What you need to know about supplements
There’s an alarming increase in the number of supplements resulting in harmful side-effects (medical problems and fatalities) as well as positive drug tests in youth and adults alike (locally and globally).
Proper scientific analysis of products often reveal the extent of false claims of efficacy, presence of harmful and/or banned substances not listed on the label or incorrect dosages (see recent studies from SA, UK and Australia).
There is a lack of legislation and governance in the supplement industry locally and abroad – products can be advertised and sold with misleading claims, incorrect labeling, and lack of scientific-grade evidence of efficacy and safety.
Despite the marketing hype and product claims, the fact remains that the majority of supplements on the market have not been tested according to proper scientific and objective standards, and their claims of superiority, efficacy and safety cannot be guaranteed.
Be aware that supplement manufacturers and retailers (including pharmacies) may indeed claim that their product is ‘scientifically tested’ or ‘safe’, but at closer inspection the evidence may be insufficient, irrelevant, misinterpreted, not applicable to youth, or in the worst, fabricated.
Claims that the product is ‘natural’ or ‘herbal’ does not necessarily mean that it is harmless and cannot get you banned.
Many herbal components can have potent harmful side-effects, can lead to harmful interactions with other herbals or medications, and/or lead to a failed drug test.
Vitamins, minerals, anti-oxidants (and other nutrients) from supplements can more easily reach levels that exceed safety limits, which can cause negative health effects and block important training adaptations that will negatively affect your sporting performance.
- Large doses of Vitamin C (>2g/day) have not only been shown to block important training adaptations and reduce performance, but also increase muscle damage and delay recovery;
- Large doses of anti-oxidants can block some of the health-enhancing effects of exercise; and have been linked to increased risk of certain cancers and a negative impact on cardiovascular health.
Certain vitamins / minerals in excess can impair immune function; limit the function (and beneficial effects) of others.
Reliance on supplements shifts focus away from the more important and proven methods of achieving optimal performance and health.
Other common pitfalls to look out for
Even supplements bought from a well-known company, store or pharmacy might contain harmful or banned substances.
If banned or harmful substances aren’t listed on the product label then it doesn’t guarantee that the product is indeed ‘clean’ or harmless.
The amount the product label says you should take could be excessive and with a ‘more is better’ mind-set one can reach toxic levels that could be harmful to your health and performance.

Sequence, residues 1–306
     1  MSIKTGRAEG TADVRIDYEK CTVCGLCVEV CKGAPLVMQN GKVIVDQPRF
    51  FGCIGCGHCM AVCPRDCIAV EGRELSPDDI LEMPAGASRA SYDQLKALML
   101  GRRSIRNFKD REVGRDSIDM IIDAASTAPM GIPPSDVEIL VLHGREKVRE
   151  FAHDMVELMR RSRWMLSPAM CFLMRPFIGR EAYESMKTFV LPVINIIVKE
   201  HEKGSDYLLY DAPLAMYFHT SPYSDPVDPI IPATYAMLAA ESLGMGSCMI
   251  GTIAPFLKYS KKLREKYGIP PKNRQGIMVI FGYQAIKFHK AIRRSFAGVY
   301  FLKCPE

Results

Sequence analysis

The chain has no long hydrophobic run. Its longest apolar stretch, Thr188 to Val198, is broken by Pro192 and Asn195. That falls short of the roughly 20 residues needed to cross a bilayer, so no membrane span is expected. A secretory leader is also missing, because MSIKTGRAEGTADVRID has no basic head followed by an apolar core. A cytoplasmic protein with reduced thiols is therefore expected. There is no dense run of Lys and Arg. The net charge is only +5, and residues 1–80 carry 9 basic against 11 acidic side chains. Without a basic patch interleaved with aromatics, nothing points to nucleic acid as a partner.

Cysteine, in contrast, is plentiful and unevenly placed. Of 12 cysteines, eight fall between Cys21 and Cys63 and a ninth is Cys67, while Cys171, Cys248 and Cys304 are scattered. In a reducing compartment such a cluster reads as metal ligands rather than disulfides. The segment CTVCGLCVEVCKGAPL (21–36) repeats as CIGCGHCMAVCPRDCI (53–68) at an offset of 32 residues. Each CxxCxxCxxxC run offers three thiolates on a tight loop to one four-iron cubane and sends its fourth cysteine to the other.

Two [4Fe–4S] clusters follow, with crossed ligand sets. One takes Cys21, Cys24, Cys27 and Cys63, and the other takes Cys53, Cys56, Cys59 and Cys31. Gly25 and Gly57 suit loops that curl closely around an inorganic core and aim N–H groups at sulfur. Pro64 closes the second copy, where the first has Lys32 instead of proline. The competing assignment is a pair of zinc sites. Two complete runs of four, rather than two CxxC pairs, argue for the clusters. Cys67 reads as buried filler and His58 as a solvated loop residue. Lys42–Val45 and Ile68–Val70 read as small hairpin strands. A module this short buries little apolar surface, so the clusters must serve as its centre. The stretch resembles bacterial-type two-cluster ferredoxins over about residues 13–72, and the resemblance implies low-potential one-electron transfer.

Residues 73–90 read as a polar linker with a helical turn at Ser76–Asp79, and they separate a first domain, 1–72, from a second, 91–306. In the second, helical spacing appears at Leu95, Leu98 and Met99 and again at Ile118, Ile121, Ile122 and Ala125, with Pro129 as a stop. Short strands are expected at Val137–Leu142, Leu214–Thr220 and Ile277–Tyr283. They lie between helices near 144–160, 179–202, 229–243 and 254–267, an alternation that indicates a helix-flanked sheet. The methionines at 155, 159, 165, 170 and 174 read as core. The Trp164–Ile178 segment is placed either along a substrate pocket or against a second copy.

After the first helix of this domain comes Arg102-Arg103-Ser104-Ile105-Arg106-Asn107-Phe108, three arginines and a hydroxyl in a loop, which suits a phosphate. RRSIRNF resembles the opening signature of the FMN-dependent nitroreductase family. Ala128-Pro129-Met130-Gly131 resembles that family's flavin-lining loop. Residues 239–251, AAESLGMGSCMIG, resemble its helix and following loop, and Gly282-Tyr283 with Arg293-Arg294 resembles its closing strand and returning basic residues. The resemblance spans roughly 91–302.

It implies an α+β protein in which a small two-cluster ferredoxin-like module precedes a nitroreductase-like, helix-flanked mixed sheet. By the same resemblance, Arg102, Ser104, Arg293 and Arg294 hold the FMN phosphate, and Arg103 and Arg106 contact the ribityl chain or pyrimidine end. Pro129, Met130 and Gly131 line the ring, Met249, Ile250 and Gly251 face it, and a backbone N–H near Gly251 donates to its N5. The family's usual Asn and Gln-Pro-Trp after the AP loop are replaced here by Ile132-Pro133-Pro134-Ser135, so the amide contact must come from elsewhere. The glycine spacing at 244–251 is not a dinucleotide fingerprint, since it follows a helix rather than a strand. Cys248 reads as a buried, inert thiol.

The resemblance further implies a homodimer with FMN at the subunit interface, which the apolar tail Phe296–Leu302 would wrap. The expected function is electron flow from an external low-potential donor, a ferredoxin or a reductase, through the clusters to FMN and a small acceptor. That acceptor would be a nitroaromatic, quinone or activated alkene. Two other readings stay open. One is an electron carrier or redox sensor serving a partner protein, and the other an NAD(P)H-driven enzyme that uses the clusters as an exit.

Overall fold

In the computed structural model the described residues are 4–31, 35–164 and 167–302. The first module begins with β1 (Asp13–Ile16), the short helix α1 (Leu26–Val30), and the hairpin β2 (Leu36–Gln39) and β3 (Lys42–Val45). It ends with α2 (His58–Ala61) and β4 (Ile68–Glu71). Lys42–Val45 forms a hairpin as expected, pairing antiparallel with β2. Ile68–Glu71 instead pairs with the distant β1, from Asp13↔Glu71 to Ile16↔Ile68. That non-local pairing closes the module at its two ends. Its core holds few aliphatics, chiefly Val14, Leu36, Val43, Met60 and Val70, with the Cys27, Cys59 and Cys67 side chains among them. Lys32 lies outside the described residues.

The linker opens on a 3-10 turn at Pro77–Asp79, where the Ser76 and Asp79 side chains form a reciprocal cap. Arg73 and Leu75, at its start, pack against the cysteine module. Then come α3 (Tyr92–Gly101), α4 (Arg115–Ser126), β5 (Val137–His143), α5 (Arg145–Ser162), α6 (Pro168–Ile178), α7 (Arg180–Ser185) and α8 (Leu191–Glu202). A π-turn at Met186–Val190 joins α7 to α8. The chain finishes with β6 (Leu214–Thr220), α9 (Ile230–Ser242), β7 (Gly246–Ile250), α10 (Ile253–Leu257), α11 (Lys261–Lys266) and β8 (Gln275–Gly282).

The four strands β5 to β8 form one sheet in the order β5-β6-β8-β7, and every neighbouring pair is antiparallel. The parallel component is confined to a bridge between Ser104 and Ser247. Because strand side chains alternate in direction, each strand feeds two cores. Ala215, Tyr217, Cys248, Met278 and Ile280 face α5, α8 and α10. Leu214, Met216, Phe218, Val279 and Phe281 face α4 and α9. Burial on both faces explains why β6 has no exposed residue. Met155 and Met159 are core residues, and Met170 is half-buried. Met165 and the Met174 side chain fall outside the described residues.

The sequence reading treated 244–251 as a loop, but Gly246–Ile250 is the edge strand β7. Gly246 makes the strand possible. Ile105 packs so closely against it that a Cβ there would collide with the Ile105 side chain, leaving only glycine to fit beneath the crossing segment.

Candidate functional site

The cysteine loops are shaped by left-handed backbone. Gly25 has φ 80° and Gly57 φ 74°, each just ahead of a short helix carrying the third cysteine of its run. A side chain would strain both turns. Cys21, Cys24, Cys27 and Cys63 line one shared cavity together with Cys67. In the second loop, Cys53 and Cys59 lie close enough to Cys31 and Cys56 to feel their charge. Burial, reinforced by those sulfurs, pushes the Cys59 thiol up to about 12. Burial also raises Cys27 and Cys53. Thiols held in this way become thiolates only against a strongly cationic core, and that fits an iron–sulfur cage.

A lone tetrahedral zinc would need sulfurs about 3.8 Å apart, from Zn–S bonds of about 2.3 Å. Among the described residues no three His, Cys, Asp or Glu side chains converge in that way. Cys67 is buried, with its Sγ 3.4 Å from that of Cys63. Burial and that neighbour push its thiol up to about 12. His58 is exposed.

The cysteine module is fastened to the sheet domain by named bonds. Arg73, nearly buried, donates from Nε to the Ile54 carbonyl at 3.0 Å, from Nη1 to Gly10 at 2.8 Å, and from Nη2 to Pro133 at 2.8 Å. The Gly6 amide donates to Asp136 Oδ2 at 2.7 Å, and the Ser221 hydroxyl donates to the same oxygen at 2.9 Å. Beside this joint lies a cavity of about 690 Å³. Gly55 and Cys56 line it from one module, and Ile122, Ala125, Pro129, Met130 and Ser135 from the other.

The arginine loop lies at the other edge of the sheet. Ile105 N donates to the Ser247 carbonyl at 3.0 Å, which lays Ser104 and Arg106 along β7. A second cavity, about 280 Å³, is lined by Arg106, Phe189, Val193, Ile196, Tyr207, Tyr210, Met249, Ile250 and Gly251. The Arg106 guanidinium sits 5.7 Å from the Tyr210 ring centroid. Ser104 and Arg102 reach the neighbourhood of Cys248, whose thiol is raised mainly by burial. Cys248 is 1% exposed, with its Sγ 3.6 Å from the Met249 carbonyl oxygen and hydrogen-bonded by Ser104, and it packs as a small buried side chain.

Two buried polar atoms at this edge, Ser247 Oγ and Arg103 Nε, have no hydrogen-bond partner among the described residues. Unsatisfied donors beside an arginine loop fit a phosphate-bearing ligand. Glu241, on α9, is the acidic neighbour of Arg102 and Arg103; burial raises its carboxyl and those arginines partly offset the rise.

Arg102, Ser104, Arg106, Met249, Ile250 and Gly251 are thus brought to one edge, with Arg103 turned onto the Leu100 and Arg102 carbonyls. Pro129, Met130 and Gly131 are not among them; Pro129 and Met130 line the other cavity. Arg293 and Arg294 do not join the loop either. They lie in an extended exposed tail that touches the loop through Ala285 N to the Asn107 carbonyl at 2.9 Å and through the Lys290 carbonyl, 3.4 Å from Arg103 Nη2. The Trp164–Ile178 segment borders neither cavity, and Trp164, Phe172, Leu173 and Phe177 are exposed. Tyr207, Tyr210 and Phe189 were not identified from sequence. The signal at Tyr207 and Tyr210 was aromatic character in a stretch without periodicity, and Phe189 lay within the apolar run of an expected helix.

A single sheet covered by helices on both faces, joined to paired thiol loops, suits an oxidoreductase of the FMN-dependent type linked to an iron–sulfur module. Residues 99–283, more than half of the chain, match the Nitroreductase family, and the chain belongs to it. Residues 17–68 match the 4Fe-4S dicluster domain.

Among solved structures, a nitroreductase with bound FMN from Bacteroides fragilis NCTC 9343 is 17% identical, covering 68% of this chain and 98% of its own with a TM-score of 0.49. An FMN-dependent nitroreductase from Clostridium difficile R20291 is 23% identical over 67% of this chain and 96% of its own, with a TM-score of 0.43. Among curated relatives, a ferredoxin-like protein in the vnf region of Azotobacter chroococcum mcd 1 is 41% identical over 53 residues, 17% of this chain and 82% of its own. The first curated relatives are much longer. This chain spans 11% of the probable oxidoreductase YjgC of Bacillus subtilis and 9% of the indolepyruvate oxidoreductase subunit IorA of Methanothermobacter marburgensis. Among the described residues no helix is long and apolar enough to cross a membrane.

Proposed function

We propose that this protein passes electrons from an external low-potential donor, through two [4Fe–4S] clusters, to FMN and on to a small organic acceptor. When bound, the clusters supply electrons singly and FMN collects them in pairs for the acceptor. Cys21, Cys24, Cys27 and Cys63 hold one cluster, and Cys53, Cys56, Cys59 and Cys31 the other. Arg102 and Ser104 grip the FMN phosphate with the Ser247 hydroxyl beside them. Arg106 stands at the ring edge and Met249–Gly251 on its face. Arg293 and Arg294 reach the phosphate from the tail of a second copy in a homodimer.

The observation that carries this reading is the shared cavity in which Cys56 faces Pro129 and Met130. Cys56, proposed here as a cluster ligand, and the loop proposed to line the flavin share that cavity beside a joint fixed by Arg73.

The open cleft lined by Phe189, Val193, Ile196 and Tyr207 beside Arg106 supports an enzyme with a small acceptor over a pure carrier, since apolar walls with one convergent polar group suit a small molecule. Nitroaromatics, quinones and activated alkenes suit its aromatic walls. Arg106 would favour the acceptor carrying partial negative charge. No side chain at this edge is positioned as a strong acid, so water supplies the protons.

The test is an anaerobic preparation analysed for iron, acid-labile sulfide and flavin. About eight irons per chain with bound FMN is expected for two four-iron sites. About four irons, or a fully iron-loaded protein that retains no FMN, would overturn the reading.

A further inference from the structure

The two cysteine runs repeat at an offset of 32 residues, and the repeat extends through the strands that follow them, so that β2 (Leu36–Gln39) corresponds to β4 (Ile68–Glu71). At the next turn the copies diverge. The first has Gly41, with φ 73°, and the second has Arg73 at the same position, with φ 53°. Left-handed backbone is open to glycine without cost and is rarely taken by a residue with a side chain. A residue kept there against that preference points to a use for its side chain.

If a well-known sportsperson claims to use specific supplements it does not mean that it is safe or that it will work for you too.
Even apparently ‘harmless’ dietary supplements like vitamin and mineral supplements and protein shakes have been found to be contaminated with harmful and/or banned substances that are not declared on the label.
Be aware of false claims like ‘WADA’ (World Anti-Doping Agency) or ‘SAIDS’ (SA Institute for Drug-Free Sport) ‘approved’. Due to the known / unknown risks involved, WADA, SAIDS or any other anti-doping agency would never approve or endorse supplements. We advise athletes to take great caution when using any type of supplement.
Think twice before blindly believing the clever marketing claims, and ask yourself whether the risks are worth the limited or lack of benefits?
Here are some products / ingredients / claims of particular concern to look out for:
‘Pro-hormone’ products / ingredients such as ‘DHEA’, ’19-nor’, ‘adrostene-dione’ or -‘diol’:
- claims of ‘hormone-like’ effects – the words ‘anabolic’, ‘mass builder’, ‘steroid-‘, ‘testosterone-‘, ‘growth hormone-like’ effects.
Products that claim to have ‘super energy’ and/or fat-burning effects (rapid weight loss, ‘cut’ or ‘ripping’) – these are likely to contain high doses of stimulants like caffeine / ephedrine / methylhexaneamine* which are harmful to your health;
- *Methylhexaneamine has a long list of different names – DMAA, MHA, geranium oil, etc. etc., making it difficult to recognise when reading a label.
Watch out even if it says ‘natural’ or ‘herbal’ forms of pro-hormones or metabolites or fat burners (e.g. Tribulis terrestris, guarana, ephedra, mahuang etc.) – these are dangerous and have been linked to several cases of toxicity, deaths and severe disability.
Products like creatine and caffeine are not banned substances and there is a good body of research on it, done ON ADULT ATHLETES. So, for the adults we have a good sense of their indications, dosage efficacy and safety limits, side-effects and contra-indications. They do not work for everyone, in some they may negatively affect performance, and in some they may be harmful to health. Be aware that there is very little research done on their efficacy and safety for children and adolescents. Why? For ethical reasons scientists (from credible research institutions) are very cautious using under 18’s as ‘guinea pigs’ due to the potential risk of causing harm to aspects of health, growth and development.
NOTE that these types of supplements, though not banned in itself, could be mixed or contaminated with banned / harmful substances, which may or may not be indicated on the label.
Products that claim to produce ‘incredible results’ – if it sounds too good to be true, then it normally is! The risk to benefit ratio is simply not worth it.
What about supplement-use in youth? (Under 18 years of age)
Due to the substantial risks (known and yet unknown) related to supplement use, SAIDS supports the international consensus that sports supplements (including creatine, caffeine, prohormones, herbals etc.) should not be used in persons under 18 years of age (see SAIDS position paper for YOUTH).
Optimising one’s training, overall dietary intake, rest, recovery and sleep patterns are proven to have a far bigger impact on physique, performance and health than any sport supplement (or ingredient or formulation) tested to date can.